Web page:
Sting nets goods allegedly bound for Korean black market
October 19, 2006
SEOUL — A suspicious-looking truck parked on Camp Stanley launched a Sept. 25 sting operation in which U.S. and South Korean officials discovered thousands of dollars’ worth of goods bound for the black market, a Seoul Customs Service agent confirmed Monday.
The agent said that a Camp Stanley Army and Air Force Exchange Service official noticed the truck seemed out of the ordinary amid the Monday incoming deliveries. That official called Army Criminal Investigative Command agents, who alerted the Seoul Customs Service.
South Korean customs investigators raced to the base and set up a joint operation to nab the suspected black-marketers, the agent said.
The agents decided to hide off post, follow the suspects and conduct the raid when the middlemen were present. But when three South Korean AAFES employees entered the truck and approached the gate, they apparently spotted an agent and fled, abandoning the truck and its cargo.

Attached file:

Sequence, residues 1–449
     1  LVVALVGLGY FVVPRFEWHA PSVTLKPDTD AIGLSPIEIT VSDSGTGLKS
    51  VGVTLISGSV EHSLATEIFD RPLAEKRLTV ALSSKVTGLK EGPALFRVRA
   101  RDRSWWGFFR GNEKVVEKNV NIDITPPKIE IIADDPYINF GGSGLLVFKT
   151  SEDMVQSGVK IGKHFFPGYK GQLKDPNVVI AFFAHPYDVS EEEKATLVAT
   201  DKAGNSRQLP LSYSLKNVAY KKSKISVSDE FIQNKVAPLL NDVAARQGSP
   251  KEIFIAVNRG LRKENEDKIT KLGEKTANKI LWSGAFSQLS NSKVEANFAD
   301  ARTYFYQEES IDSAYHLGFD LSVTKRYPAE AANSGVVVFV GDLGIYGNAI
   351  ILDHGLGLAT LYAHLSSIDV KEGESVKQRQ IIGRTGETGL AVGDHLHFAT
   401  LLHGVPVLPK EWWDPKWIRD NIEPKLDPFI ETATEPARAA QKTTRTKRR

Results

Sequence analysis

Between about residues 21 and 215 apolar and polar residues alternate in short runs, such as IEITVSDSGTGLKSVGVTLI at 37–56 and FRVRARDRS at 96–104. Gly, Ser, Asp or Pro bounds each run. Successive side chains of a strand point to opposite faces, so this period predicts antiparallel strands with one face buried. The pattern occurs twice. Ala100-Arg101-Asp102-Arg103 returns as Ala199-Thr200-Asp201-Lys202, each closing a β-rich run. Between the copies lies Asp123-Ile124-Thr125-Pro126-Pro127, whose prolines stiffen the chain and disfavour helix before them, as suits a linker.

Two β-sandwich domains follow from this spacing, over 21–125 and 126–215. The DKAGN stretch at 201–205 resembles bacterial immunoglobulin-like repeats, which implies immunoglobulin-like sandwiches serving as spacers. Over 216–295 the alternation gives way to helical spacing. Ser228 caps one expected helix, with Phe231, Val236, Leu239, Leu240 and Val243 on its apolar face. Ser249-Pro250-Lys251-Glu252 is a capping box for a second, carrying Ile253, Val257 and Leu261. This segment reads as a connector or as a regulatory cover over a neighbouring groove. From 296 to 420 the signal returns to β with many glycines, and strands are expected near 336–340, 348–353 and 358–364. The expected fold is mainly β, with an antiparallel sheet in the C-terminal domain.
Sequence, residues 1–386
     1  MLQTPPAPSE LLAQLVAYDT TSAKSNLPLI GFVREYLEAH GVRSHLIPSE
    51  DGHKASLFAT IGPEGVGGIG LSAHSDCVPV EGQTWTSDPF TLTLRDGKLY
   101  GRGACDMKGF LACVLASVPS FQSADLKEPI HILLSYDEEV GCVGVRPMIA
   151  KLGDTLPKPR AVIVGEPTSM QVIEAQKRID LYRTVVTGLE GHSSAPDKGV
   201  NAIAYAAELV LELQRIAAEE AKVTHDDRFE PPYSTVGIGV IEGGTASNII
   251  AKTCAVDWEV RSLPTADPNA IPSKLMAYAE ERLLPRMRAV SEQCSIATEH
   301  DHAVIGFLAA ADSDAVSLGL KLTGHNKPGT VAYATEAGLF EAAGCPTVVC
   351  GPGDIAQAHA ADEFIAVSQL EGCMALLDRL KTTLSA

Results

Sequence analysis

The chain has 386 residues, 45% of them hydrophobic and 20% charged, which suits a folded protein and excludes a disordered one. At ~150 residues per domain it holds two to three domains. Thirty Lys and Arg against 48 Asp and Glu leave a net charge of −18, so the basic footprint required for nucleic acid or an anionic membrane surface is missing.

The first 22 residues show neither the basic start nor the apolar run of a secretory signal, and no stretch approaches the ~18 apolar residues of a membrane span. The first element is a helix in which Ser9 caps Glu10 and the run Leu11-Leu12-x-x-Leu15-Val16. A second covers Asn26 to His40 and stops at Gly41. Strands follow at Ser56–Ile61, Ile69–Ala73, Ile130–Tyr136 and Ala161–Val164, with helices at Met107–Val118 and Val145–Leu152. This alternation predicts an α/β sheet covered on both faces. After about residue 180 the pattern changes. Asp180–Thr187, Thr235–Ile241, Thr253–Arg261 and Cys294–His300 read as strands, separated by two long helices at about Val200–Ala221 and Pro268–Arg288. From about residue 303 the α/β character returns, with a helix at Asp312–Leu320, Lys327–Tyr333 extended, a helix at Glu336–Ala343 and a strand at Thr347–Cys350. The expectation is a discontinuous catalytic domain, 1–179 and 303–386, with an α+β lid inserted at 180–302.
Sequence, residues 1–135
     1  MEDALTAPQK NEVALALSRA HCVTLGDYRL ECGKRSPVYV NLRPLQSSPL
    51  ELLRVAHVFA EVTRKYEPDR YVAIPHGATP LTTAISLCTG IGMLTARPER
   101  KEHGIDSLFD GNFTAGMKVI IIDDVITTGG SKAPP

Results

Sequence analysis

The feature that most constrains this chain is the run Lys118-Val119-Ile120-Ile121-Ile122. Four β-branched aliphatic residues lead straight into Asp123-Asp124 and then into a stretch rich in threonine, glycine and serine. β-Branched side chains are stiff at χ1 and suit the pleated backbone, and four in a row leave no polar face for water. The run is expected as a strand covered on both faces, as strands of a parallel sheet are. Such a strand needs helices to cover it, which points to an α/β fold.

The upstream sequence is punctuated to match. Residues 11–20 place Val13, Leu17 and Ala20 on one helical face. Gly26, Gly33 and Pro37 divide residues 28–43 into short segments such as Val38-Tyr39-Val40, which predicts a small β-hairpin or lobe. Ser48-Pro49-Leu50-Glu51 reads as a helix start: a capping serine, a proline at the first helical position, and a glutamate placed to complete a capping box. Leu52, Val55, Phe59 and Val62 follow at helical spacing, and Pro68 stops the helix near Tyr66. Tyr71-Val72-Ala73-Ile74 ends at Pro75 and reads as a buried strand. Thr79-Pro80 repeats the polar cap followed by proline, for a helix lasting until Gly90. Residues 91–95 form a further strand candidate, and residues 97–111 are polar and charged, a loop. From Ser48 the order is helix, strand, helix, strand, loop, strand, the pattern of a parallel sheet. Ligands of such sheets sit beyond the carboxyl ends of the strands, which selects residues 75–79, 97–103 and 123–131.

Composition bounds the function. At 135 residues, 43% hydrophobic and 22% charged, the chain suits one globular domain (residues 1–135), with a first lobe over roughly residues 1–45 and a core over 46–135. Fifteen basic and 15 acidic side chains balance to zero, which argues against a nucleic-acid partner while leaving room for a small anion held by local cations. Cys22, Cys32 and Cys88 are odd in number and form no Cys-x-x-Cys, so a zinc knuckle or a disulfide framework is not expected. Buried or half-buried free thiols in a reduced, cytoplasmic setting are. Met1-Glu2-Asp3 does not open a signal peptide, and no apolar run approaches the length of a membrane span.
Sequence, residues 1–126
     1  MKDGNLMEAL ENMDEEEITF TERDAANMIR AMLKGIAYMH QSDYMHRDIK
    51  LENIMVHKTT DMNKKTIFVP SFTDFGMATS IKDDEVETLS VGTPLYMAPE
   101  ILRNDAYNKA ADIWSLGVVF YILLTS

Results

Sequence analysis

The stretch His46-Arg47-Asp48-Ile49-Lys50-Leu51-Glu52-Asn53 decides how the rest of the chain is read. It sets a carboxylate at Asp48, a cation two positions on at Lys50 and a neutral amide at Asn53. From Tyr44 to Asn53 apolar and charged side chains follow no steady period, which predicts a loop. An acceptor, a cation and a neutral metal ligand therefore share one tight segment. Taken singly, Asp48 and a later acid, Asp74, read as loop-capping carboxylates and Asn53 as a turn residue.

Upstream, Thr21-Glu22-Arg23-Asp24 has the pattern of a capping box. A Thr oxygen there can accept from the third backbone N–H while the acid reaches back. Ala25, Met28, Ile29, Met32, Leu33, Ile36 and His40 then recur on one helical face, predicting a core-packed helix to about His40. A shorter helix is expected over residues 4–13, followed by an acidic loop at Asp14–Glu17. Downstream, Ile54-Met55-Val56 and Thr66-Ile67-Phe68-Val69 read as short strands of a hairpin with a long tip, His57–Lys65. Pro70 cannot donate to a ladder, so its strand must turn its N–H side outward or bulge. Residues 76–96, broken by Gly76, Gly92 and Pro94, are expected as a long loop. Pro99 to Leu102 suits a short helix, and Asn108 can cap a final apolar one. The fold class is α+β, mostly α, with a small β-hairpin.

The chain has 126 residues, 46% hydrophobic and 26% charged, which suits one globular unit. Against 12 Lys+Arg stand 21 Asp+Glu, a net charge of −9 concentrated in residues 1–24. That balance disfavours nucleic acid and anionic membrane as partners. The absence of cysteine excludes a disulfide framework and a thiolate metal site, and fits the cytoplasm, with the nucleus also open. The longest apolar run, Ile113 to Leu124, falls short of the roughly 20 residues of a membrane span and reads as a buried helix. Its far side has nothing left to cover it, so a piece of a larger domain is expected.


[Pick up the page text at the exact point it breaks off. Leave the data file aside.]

Investigators discovered cash, liquor and food products such as Spam and cheese, the agent said. The agent said they tracked down the three employees, all of whom have denied involvement with the alleged scam. The three continue to work on base as the investigation continues, the agent said. He wouldn’t identify them because of the ongoing investigation.
“We believe that there are more people systematically involved in this black-marketing organization,” the agent said. “We are extending our search for the suspects and prying into the all past suspicious-looking sales records.”
Excerpts from a U.S. military police blotter published in the last Friday’s Morning Calm newspaper stated that one subject “rang up approximately $12,000 in fraudulent sales, which reflected sales on an AAFES cash register to give the appearance that items were sold within the store when they were actually being diverted to off-post locations.”
The blotter stated that a second vehicle was found; it contained 30 cases of cheese bound for off-base markets. An import goods store owned by another individual was identified as “a Korean drop house where diverted AAFES goods were taken and sold on the Korean economy,” according to the blotter. The estimated cost of the seized goods was $7,805, the blotter said.
Most of the black-market goods end up for sale in Namdaemun Market, according to the customs agent.
AAFES officials, queried early Tuesday, were unable to comment on the case.